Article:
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Br J Gen Pract. 2014 Mar;64(620):e122-7. doi: 10.3399/bjgp14X677482.

Prevalence of comorbid depression and obesity in general practice: a cross-sectional survey.

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  • 1Priority Research Centre for Health Behaviour, School of Medicine and Public Health;

Abstract

BACKGROUND:

General practice is a common setting for the provision of weight-management advice, as well as the treatment of depression. While there is some evidence of a reciprocal relationship between obesity and depression, there are limited data about the rates of depression among general practice patients who are underweight, normal weight, overweight, and obese. AIM To explore the prevalence of depression among underweight, normal weight, overweight, and obese general practice patients.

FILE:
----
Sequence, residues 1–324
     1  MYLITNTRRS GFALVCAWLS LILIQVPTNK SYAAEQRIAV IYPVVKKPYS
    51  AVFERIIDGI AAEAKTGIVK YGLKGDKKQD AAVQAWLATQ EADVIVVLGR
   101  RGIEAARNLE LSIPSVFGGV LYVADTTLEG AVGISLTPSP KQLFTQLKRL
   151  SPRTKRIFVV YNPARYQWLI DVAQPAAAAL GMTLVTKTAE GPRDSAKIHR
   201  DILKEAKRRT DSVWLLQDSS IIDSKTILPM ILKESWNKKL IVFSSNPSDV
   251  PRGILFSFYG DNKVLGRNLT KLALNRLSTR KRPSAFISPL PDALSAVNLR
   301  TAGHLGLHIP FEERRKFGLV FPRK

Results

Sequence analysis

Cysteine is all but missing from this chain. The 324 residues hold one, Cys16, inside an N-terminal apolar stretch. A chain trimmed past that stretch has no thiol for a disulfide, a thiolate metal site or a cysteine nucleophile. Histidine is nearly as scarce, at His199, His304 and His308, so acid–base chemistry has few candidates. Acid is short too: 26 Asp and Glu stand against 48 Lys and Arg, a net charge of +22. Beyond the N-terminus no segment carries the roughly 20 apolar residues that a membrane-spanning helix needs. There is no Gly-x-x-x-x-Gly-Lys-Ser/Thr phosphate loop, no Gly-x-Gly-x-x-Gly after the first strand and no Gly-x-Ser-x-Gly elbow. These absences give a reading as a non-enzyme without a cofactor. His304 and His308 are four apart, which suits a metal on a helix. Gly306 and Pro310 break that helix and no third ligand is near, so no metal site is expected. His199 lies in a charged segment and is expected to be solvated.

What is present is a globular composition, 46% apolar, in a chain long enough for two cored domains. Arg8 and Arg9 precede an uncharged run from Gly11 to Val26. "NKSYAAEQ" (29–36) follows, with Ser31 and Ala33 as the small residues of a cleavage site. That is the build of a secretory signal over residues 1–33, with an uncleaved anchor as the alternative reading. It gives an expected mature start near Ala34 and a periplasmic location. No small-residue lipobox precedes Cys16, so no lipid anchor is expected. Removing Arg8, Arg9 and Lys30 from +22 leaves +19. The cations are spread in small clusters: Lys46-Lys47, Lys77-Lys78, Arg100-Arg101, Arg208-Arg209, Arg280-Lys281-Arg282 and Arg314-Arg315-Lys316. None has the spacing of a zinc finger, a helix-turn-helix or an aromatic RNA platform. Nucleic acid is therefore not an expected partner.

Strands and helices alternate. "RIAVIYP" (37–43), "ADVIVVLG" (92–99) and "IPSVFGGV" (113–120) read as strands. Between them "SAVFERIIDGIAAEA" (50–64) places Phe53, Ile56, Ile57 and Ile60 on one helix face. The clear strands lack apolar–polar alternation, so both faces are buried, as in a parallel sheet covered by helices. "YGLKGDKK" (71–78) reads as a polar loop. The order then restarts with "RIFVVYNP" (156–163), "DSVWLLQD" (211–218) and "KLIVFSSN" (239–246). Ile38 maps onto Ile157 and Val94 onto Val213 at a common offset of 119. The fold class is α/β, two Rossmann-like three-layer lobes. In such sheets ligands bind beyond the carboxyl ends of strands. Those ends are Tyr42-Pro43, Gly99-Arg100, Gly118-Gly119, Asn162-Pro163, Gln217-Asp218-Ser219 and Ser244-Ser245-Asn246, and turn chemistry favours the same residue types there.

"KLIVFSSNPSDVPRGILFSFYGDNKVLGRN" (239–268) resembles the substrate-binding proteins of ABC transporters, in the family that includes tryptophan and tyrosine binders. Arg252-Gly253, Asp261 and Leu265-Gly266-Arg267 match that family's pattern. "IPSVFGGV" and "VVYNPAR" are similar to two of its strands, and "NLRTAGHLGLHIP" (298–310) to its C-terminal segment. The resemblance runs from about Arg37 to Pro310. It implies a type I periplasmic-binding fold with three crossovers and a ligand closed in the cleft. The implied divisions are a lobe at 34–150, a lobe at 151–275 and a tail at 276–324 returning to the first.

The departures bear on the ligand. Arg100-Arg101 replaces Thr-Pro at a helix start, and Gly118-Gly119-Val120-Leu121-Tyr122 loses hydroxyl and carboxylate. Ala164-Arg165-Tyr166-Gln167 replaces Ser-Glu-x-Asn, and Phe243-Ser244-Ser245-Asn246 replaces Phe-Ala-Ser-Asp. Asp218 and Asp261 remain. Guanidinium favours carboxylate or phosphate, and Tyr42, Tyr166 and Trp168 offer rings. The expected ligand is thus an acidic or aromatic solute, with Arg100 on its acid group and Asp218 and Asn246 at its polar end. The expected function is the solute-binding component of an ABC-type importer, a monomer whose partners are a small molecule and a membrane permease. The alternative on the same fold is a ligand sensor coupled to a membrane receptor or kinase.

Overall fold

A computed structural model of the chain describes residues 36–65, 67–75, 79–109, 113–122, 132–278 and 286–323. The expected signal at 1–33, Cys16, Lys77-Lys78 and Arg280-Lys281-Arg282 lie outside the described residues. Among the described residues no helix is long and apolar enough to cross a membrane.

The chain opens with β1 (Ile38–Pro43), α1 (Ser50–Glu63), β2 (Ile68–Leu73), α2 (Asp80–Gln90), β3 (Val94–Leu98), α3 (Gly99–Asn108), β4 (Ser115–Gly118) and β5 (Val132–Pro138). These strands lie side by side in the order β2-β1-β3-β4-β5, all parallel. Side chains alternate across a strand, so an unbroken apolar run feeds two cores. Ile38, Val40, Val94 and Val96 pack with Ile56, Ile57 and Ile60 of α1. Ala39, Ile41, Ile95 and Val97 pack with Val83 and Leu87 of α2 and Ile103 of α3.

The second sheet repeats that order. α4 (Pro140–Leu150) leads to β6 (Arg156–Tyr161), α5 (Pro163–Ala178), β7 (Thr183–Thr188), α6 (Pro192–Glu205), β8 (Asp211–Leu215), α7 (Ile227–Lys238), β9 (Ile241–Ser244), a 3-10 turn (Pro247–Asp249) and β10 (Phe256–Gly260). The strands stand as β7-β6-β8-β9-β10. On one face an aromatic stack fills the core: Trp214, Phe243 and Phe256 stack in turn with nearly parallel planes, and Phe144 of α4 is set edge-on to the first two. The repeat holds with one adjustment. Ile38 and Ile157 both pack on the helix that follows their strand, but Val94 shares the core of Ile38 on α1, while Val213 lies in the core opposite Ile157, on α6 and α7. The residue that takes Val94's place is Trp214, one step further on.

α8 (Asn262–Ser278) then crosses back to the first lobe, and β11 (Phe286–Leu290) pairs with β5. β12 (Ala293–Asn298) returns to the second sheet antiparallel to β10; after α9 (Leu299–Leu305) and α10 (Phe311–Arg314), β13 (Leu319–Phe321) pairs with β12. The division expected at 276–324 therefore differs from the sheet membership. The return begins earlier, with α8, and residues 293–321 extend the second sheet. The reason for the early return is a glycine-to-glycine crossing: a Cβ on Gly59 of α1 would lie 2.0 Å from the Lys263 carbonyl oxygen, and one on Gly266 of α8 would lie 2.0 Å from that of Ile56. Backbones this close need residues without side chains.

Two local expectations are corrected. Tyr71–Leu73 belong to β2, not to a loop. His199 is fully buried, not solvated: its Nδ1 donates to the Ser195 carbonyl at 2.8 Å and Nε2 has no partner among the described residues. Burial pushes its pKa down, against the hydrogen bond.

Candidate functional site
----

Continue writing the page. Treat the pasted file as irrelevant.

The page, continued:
DESIGN AND SETTING:

A cross-sectional survey was conducted in 12 Australian general practices. METHOD Patients aged ≥18 years and older who were presenting for general practice care were eligible to participate. Consenting patients completed a touchscreen computer survey assessing self-reported weight and height. Depression was assessed by the Patient Health Questionnaire-9 (PHQ-9), with a score of ≥10 used to indicate possible depression.

RESULTS:

Data were obtained from 3361 participants. The prevalence of depression was 24% (95% confidence interval [CI] = 11.86 to 39.28) among underweight participants, 11% (95% CI = 8.5 to 14.0) among normal weight participants, 12% (95% CI = 0.9 to 15.2) among overweight participants, and 23% (95% CI = 17.8 to 29.0) among obese participants. The prevalence of depression was higher for women than for men across all weight categories except underweight.

CONCLUSION:

Weight and depression demonstrated a U-shaped relationship, with higher prevalence of depression observed among underweight and obese general practice patients. These conditions may act as red flags for opportunistic screening of depression in the general practice setting.

KEYWORDS:

body weight; depression; general practice; obesity; primary care

PMID:
24567650
[PubMed - indexed for MEDLINE]
PMCID:
PMC3933857
Free PMC Article
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